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Exploring Cosmology

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Introduction

Exploring Cosmology

June 2, 2008

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Shan Goonewardena

June 2, 2008

Science, Grade 10

Exploring Cosmology

From the dawn of time, human beings have always been fond of exploring and learning more about space and its contents. From the beautiful galaxies to the different types of nebulae, there is so much information out there that we do not know about. Cosmology is the study of the history of the universe from the perspective of physics. It addresses questions in a very large quantity, questions like: what is the size of the universe of how old the universe is. These questions can be answered through cosmologists or people who study Cosmology. Cosmologists’ work to understand on how the Universe came into being or what is going to happen in the future. They make enormous observations using telescopes and as the technology gets better, the cosmologists have a better chance of answering these questions.

        The Hubble telescope was a break through in the study of Cosmology (Reference 1). Due to the large mirror installed on the telescope, the clarity of the picture was better. And a picture is worth a thousand words. It was a telescope like no other. The Hubble Telescope is not the only way to explore space; we can still investigate on the subject of spaceby giving off radio waves that can be detected with radio telescopes.

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Middle

        When exploring space, there is an infinite of stuff out in space and something we do know about space are pulsars. A pulsar is a neutron star, which releases beams of radiation that sweep through the earth's line of sight. Like a black hole, it is an endpoint to cosmological evolution. The, “pulses,” of high-energy radiation we see from a pulsar are due to a misalignment of the neutron star's rotation axis and its magnetic axis (Reference 4). Pulsars pulse because the rotation of the neutron star causes the radiation generated within the magnetic field to sweep in and out of our line of sight with a regular period. Wavelengths from Pulsars give scientists important clues to how the radiation is created. Black holes are similar to Pulsars but they are quite different because they both are very unique objects.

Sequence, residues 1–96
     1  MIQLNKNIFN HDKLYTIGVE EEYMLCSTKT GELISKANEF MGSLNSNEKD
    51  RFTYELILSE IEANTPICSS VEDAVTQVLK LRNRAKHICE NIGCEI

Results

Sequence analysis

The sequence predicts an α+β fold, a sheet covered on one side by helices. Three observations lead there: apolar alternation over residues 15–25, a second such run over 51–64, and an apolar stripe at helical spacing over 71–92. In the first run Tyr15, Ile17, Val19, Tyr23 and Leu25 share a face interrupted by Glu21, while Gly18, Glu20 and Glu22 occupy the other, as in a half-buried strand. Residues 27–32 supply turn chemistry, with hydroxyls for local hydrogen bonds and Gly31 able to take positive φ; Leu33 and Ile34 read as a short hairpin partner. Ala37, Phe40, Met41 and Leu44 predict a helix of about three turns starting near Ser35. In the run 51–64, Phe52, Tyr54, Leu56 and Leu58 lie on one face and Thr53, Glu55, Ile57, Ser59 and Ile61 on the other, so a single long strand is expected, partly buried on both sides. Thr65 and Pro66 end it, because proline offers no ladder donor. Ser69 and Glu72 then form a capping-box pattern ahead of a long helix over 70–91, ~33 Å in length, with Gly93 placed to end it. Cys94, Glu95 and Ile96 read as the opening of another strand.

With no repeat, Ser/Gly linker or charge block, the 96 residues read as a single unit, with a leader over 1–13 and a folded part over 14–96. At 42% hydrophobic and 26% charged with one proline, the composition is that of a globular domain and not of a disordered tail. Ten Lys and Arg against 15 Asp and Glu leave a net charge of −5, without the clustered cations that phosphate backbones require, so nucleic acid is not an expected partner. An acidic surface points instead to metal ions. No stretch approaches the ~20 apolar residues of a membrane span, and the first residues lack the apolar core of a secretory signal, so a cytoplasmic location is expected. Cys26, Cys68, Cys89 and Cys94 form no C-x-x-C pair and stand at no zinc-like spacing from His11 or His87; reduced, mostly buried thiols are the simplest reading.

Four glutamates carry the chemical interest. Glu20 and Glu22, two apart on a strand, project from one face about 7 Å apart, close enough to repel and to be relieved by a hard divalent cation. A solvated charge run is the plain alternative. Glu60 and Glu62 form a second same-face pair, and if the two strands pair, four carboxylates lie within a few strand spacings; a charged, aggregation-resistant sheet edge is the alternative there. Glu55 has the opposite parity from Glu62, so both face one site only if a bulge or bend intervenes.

Black holes have always had the reputation to be one of the “most talked about topics” in Cosmology. Black holes are imaginary entities predicted by the equations of general relativity. A black hole is formed when a star of undergoes a gravitational cave in, with most or all of its mass packed together into a satisfactorily small area of space, causing endless space-time curvature at that point. Such a massive space-time curvature allows nothing, not even light, escaping from its borders (Black Holes).

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Conclusion

Works Cited

The Big Bang Theory. Big Bang. Windows Team. 2 June 2008 <http://www.windows.ucar.edu/tour/link=/sun/Solar_interior/Nuclear_Reactions/Neutrinos/big_bang.html&edu=elem>.  

Edwin Hubble. Photographs of Edwin Hubble. The Association of Universities for Research in Astronomy. 2 June 2008 <http://opostaff.stsci.edu/~levay/presres/ehubble/>.  

The Expansion of the Universe. Weird. CondéNet. 2 June 2008 <http://www.wired.com/techbiz/media/news/2006/03/70425>.  

The Hubble Telescope. New Hubble Telescope Mission. WordPress Entries (RSS). 2 June 2008 <http://www.focks.com/science-technology/new-hubble-telescope-mission/>.  

"Inflationary Model." National Aeronautics and Space Administration. 2008. NASA. 2 May 2008 <http://map.gsfc.nasa.gov/universe/bb_cosmo_infl.html>.  

Pulsars. Pulsars. I.P Board. 2 June 2008 <http://maniacmuslim.com/forums/index.php?showtopic=9775&pid=919336&st=0&#entry919336>.  

"Stephen Hawking." www.hawking.org.uk. 2007. Random House Children's Book. 2 June 2008 <http://www.hawking.org.uk/home/hindex.html>.  


References

Reference 1: The Hubble Telescope

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Reference 2: The Big Bang Theory

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Reference 3: Edwin Hubble

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Reference 4: Pulsars

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Reference 5: Inflationary Model

Reference 6: The Expansion of the Universeimage05.png

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